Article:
I wrote about this in one of my first posts ‘More Baby’. Talking up the ‘nesting instinct’ almost advocates spending of thousands of dollars on things babies rarely need, and that will get little use.Nothing seems to bring out consumer culture more than new babies. And there have been lots of new babies popping out around me recently.
One of the challenges to consuming less for our babies and kids is the fact that there are some really clever ideas for kids products around lately. I don’t have a young baby and my youngest son is a very tall (almost) 4 year old. But I look at products like the bumbo seat and trunki’s and know that heck, I’d be tempted if I had a little tike. They are genuinely clever ideas.
The thing is, we seem to get confused between our wants and our needs. Young mums declare that they ‘need‘ a bumbo for their 3 month old. The bumbo didn’t exist 4 years ago, so logic says it must be possible to raise children without possessing one.
On the positive side, there seems to be a fairly healthy culture of parents who buy these cool products and once they’ve finished using them (after all they have a very limited shelf life of about 9 months or less per child) pass them on to parents with younger children to use. If we can’t reduce the stuff we’re acquiring because we are so attracted by a product that we decide it’s a worthy investment, let’s at least ensure we reuse it.
By modelling the three r’s (reduce, reuse, recycle) we’re probably doing something as equally important for our kids as teaching them the other three r’s (reading, writing and arithmetic).
When I think about baby induced consumerism, I always think about one woman’s story I heard on the radio a year or so ago.
I cannot remember the name of the woman, but I think it was on ABC 702. She spoke about bringing her baby up in the country, possibly in the 1940s. She told the story of emptying out a drawer and putting a pillow in the bottom of it and using the drawer (never closed, but pulled out of the base) as a crib for her bub. It was a real turning point for me in thinking about wants and needs: for we can really make do with very little quite happily.
In real terms Australia is a wealthy country. And yet most of us go around thinking that we don’t have enough money to meet our ‘needs’. There is always another thing on our wish list. But do we really ‘need’ it to get by in life? Probably not. And I think it’s important to realise that.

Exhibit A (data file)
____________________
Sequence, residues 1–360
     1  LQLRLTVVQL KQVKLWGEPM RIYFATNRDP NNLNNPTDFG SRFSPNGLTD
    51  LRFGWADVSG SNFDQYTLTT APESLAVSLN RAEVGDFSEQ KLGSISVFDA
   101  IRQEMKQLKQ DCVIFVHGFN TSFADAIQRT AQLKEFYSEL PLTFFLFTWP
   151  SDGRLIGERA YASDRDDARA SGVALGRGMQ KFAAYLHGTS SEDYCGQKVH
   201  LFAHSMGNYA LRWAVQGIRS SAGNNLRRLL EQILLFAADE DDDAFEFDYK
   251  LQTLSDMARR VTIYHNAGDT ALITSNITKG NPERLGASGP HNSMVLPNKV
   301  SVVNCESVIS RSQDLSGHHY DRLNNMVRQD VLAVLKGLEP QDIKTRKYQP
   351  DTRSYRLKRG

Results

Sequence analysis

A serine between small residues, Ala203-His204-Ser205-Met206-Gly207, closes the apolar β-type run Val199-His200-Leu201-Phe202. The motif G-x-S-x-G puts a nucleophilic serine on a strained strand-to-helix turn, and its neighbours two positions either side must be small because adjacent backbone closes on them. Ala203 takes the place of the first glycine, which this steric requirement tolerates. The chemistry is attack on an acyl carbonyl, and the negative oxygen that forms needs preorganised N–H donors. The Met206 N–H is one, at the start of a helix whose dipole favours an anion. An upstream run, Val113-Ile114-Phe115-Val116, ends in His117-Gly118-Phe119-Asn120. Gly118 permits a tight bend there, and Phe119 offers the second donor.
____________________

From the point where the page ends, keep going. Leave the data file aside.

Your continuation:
I have a list of wants.
I’d really like to paint our lounge room, and paint the outside of our windows where the paint is dropping off in large flakes daily. I’d like to buy a water tank and some more solar panels. I’d love a new side gate so I could walk my bike out of it instead of wheeling it through the house every morning. I’d love to buy a few pairs of earrings I really love for my newly pierced ears (I blame my ‘thrisis’) and if I could ever find some I’d love to get a pair of delicate ballet flats, the kind that have elastic sides and look so comfy to wear (but that ain’t likely to happen anytime soon).
But I like the fact that they’re wants. They are not something I must have and have to have NOW. I’ll save for them. And maybe when the time comes, I’ll think they’re good to get. Or maybe I’ll decide I’d really rather go and take the family on a holiday instead.
It’s nice to think about needs and wants because you begin to realise what you have, instead of focussing on what you don’t have. And perhaps if we’re focussed on what we do have, we can do more to help others who genuinely don’t have.
I stumbled across the blog ‘The Everyday Minimalist’ this afternoon and this nice stream of thoughts on minimalism which kind of sums up some of the ideas I’ve had around cutting back to a more simple life.
A Minimalist’s Train of Thought
Less money spent means more money saved
More money saved means the longer you can live in financial peace and security
Financial peace and security comes from owning less
Less stuff owned means less to carry around, move or have to travel with
Less responsibility for your stuff also means less maintenance and more time
The more time you have, the more relaxed you will feel
The more relaxed you are, the less you will care about stuff
If you care less about stuff, it means you’ll care less about image
If you care less about image, you will care more about experiences and memories
If you care more about experiences and memories, you will be happier with less
If you are happier with less, you’ll never want or need for more
The less you want or need for more, the more you will feel free
What are your thoughts on distinguishing needs and wants?
And an interesting one – how do we get our children to understand needs and wants when they’re bombarded with advertising trying to get them to think they need the latest stuff?
My 6 year old is now asking for an iPhone when his parents don’t even own one! I’ve even had the tears rolling down his cheeks as I’ve told him we will definitely get him a phone when he’s in high school, and might think about it when he’s 10.
But on the promising side, I have been able to talk with him about identifying toys he no longer really uses to give away to boys and girls who don’t have many toys so they can have some special things to play with. He’s happy to engage in discussions about perhaps not ‘needing’ all the toys he has anymore. And it is lovely to see him actively putting himself in others shoes and being prepared to give to others.
So maybe the iPhone will not have the last laugh.
Image from http://www.flickr.com/photos/the-g-uk/3422469586/sizes/o/in/photostream/ with thanks to the|G|™.